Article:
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Guapdad 4000 Wants Respect

“I’ve got the potential to be up there so I’d like people to acknowledge that.”

Guapdad 4000’s life sounds like a movie. Within minutes of our recent phone conversation, he’s filling me in on the comic book club that he recently started with Thundercat and Isaiah Rashad. The California-based rapper/producer, born Akeem Douglas Hayes, is currently reading author Jonathan Hickman’s run on Marvel’s Avengers.

Twenty minutes on, near the end of our conversation, I ask Guapdad, 28, to describe his average brainstorming session. “I’ll do a fake brainstorm session right now... Boogie’s asking to do the video for ‘Hairless Horseman,’” he says without hesitation, referring to the standout song from his latest EP Platinum Falcon Returns, out now via TWNSHP, LLC, and ADA Worldwide.

“The horse has to have a Gucci saddle,” Guapdad insists. “We gotta be in full Polo attire, but the Polo attire is Guapdad merch we’re gonna drop with the video. What’s something cool we can do to market this video? Maybe we can put a guillotine on Fairfax. Who can build a guillotine? I might build a guillotine.”

From music videos where he’s the face of a train to his vaunted Rona Raps web series, Guapdad and his team channel his boundless creative energy into everything. He’s as comfortable bumping elbows with J. Cole and his Dreamville camp during their Revenge of The Dreamers III sessions as he is sporting a shimmering 10-foot long du-rag on the GRAMMYs red carpet.

Guapdad may love himself a good spectacle, but he works hard to ensure his personality doesn’t overshadow the most important aspect: the music. 

“I’m so melodic most of the time, I know a lotta shit is going over people’s heads,” he elaborates. “I see the bars people quote, and it be the obvious ones. I think people respect me as a lyricist, but I’m up there when it comes to the complicated shit.”

Guapdad 4000 has come a long way in a short while. He’s ready for his respect. Our conversation, lightly edited for content and clarity, follows below.

DJBooth: The first time I saw you was in the video you recorded in your car about being addicted to anime and chicken wings. Do you still feel like your life is spiraling out of control?

Guapdad 4000: Every day. I went to a dinner date last night and just came home from it, so you know how I’m rockin’. It’s funny because that was one of the early factors that worked against me being taken seriously. But now that so many people take me seriously, what a tight ass way to be introduced to an artist.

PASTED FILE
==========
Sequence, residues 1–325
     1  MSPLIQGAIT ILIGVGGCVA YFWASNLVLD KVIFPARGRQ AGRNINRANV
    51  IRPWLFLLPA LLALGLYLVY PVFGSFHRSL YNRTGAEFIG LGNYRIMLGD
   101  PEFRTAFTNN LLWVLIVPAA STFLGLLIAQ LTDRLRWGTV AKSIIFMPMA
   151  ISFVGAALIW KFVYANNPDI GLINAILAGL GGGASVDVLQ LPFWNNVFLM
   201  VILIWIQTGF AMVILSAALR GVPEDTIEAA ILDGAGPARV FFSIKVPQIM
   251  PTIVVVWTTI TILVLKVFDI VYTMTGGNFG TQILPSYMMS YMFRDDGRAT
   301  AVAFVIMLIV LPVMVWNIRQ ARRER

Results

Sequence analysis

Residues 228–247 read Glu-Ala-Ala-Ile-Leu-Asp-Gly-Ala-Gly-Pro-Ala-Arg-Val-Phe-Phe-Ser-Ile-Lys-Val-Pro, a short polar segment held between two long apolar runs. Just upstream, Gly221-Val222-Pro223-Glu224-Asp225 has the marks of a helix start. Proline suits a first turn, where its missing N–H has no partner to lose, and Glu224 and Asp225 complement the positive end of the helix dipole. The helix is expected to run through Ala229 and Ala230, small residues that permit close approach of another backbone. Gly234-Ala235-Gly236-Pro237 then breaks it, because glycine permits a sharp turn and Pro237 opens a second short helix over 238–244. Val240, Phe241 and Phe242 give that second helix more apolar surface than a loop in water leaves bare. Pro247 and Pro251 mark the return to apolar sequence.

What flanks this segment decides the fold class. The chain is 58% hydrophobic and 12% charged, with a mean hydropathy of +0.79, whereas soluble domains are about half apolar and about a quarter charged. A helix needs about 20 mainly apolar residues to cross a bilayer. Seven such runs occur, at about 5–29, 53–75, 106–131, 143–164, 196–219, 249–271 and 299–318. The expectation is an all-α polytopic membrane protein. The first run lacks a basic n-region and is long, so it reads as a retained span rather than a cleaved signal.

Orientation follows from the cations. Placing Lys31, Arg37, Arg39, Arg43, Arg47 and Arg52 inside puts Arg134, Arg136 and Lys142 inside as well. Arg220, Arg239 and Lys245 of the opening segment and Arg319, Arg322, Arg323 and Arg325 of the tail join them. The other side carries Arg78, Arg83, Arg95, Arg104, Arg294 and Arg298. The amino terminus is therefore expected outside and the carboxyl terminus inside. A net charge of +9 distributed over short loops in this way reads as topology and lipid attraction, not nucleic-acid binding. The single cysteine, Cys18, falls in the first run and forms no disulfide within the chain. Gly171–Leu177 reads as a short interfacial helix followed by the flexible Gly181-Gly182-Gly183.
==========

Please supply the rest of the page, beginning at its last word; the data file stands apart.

Where did the idea for that video come from?

I had originally went viral for my 24th birthday. I went on this whole thing where I was like, “Oh, this is the start of my career.” It was a call to action. I couldn’t recreate that magic. I was leaving YouTube from this thing one of my managers, Sam, had set up for me, and I kinda wasn’t feelin’ it. I just sat up [in the car] and kept it 100, bro. People love my birthday video because I was just doing me. It wasn’t a skit. It wasn’t like a Fatboy thing or a Shiggy thing; I was just being honest. I said, “I’m just gonna turn on my phone and say how a nigga feelin’ right now.” And that video popped out. Most millennials can relate and go through the same shit. It got to the point where I realized in order to connect to human beings, you gotta be a real human being.

You definitely can’t make a Guapdad in an algorithm. As someone very active on social media, what are your favorite and least favorite aspects about it?

My favorite aspect of social media is my career, and my least favorite aspect is my career. I just told this to Bryson Tiller the other day. He’s so revered and so legendary because he can exist outside of social media. We don’t give a fuck about what Bryson Tiller posts on Instagram or Twitter, even if you’re a die-hard who secretly knows where his mama lives and shit. You don’t give a fuck what that nigga posts on the gram; you just want him to drop a song. Period. That’s not the case for me just yet, and I’d like it to be. But because I came in the game via means of social exposure through the platforms, I’m kinda glued to it. That’s not a timeless thing, and I wanna grow to make timeless music. A goal of mine is to work beyond that limitation.

As a progenitor of the form, what’s your definition of “scam rap?”

Rapping about identity theft and the lifestyle that comes along with it. And I’d leave it at that. You see different people approach it differently. I took a less regional-sounding approach to it compared to other niggas in [the San Francisco Bay Area] who talk about it or the California/Detroit abridged sound where most of scam rap exists. Then you got people like Money Man; he was rapping about scamming for a hot one.

I was always happy to be on the forefront. I was the mainstream face of it for the brunt of whatever run you could say it had. I pride myself on that. I’m from the Bay; I’m big on niche cultures and the creation of subgenres, and it was tight to be a part of one.



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How else do you feel the Bay Area has inspired you as a musician?

It’s the charisma, man. Everyone I look up to in the Bay, I like their personality. They flossy, or they was a nigga that had bitches, and that shit was inspiring. Like when you look up to a nigga, and he’s genuinely Mr. Bitches, you want to emulate that.